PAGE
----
The Alpha Magnetic Spectrometer [AMS] finally reported its first scientific results today. AMS, a rather large particle physics detector attached to the International Space Station, is designed to study the very high-energy particles found flying around in outer space. These “cosmic rays” (as they are called, for historical reasons) have been under continuous study since their discovery a century ago, but they are still rather mysterious, and we continue to learn new things about them. They are known to be of various different types — commonly found objects such as photons, electrons, neutrinos, protons, and atomic nuclei, and less common ones like positrons (antiparticles of electrons) and anti-protons. They are known to be produced by a variety of different processes. It is quite possible that some of these high-energy particles come from physical or astronomical processes, perhaps very exciting ones, that we have yet to discover. And AMS is one of a number of experiments designed to help us seek signs of these new phenomena.
The plan to build AMS was hatched in 1995, and the detector was finally launched, after various delays, in 2011, on a specially-ordered Space Shuttle mission. Today, Sam Ting, winner of the Nobel Prize for a co-discovery of the charm quark back in 1974, presented AMS’s first results — a first opportunity to justify all the time, effort and money that went into this project. And? The results look very nice, indicating the AMS experiment is working very well. Yet the conclusions from the results so far are not very dramatic, and, in my opinion, have been significantly over-sold in the press. Despite what you may read, we are no closer to finding dark matter than we were last week. Any claims to the contrary are due to scientists spinning their results (and to reporters who are being spun).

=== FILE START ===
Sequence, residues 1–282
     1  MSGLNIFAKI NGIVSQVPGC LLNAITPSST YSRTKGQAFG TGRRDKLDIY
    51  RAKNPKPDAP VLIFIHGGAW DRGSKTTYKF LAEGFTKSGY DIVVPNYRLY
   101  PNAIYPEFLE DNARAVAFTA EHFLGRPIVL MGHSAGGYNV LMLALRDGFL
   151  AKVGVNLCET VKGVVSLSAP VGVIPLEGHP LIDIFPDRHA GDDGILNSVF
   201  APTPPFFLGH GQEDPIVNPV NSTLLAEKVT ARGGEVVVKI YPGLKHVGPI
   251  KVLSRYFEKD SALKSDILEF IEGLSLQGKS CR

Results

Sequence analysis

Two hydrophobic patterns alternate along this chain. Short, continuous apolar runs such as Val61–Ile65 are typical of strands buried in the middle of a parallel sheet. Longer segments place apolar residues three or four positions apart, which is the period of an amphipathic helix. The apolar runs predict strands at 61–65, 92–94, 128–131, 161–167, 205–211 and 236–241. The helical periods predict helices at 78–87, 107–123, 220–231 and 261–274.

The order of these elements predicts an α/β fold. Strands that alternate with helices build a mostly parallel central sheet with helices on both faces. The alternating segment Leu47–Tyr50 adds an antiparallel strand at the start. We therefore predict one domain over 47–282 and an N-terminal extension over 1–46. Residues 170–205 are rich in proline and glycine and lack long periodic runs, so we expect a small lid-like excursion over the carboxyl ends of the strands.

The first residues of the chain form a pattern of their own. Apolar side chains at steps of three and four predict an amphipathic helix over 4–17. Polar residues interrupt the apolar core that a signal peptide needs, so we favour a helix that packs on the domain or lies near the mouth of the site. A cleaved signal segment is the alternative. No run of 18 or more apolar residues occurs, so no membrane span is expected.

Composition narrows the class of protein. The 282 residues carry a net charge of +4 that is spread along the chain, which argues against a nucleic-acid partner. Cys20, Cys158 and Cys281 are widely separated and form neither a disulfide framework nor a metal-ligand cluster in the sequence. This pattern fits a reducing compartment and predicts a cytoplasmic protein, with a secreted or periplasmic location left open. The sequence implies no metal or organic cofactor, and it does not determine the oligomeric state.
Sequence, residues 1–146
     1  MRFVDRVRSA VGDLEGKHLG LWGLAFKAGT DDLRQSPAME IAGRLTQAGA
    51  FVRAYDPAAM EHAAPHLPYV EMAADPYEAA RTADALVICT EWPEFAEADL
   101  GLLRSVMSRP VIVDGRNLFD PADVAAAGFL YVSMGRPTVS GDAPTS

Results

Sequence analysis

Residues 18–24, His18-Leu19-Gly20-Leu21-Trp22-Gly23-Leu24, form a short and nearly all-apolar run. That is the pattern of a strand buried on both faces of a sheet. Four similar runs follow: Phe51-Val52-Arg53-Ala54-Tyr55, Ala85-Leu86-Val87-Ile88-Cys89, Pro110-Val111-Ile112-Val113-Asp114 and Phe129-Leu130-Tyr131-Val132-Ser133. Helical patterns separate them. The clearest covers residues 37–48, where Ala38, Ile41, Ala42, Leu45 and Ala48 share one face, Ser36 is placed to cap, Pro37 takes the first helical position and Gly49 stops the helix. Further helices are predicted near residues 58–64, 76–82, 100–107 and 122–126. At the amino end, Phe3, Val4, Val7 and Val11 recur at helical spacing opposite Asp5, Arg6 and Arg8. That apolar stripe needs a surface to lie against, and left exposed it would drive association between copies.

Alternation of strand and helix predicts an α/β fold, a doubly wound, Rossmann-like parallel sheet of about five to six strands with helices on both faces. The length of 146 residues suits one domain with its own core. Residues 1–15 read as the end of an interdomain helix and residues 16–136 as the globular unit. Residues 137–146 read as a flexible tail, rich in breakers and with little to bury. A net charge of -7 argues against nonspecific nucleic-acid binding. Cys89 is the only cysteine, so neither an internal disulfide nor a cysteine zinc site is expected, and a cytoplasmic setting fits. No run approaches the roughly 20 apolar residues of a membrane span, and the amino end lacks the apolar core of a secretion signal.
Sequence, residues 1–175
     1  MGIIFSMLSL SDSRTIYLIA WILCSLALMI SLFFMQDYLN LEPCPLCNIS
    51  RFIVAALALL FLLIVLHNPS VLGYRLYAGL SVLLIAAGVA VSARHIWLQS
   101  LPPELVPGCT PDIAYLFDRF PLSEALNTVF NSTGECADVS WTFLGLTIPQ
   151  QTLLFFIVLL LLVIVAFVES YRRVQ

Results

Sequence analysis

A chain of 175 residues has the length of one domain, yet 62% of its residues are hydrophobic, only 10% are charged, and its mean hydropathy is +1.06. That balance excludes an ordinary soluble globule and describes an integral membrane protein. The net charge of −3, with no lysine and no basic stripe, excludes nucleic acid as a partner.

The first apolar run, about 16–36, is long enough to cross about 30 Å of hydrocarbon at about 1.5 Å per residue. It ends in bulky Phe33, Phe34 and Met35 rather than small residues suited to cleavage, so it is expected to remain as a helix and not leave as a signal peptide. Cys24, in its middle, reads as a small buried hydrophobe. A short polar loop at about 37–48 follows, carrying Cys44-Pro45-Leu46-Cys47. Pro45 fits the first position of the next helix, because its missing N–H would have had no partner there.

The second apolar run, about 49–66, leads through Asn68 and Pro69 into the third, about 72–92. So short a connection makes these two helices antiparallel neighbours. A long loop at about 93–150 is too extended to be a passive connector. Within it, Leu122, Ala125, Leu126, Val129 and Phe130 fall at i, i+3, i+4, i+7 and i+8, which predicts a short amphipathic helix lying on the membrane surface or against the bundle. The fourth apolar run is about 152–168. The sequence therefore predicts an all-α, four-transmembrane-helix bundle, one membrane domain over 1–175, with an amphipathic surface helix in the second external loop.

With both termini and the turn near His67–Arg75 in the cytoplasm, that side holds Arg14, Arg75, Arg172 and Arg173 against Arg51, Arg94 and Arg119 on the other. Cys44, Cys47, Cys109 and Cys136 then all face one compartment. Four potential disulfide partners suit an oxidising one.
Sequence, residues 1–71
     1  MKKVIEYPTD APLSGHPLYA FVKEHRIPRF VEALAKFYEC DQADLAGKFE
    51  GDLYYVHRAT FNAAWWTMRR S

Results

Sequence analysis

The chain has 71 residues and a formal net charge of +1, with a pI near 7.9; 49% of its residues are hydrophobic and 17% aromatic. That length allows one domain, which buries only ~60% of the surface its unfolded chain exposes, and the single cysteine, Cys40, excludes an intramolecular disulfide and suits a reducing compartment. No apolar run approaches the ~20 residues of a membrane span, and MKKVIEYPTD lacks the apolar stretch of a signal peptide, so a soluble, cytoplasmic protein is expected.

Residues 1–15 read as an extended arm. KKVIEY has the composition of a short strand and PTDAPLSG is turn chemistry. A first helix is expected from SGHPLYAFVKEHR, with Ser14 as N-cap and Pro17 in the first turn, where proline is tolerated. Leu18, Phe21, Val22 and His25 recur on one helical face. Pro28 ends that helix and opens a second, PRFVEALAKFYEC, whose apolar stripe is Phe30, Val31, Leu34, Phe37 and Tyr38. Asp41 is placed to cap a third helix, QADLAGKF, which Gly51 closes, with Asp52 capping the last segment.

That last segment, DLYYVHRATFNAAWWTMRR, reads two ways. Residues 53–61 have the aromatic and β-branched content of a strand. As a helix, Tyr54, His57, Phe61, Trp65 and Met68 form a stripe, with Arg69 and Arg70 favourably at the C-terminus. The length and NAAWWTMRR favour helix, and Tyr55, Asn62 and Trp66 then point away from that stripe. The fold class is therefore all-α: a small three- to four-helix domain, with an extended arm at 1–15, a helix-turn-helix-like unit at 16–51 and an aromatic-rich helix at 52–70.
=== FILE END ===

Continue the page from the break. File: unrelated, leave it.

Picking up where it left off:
In a letter entitled “Am I Wrong?”, Bruce Alberts, Editor-in-Chief of the major journal Science, asks how the United States has gone so far off course. The leading nation in a technological age has lost sight of its scientific foundation; what will be the consequences?
A mere twenty years ago, this nation was clearly the best place in the world to do scientific research. Since 2000 the decline has been precipitous, and though the U.S. still surely ranks in the top ten, few would say it clearly is the best anymore. In general, the country remains a relatively great place to live and work. But any excellent young scientist from abroad has to think carefully about coming to or staying in the U.S. for a career, because there might not be enough money to support even first-rate research. Similarly, any young U.S. scientist, no matter how devoted to this country and no matter how skilled, may face the tough choice of either going abroad or abandoning his or her career. (It’s not just young people either, as I can personally attest.)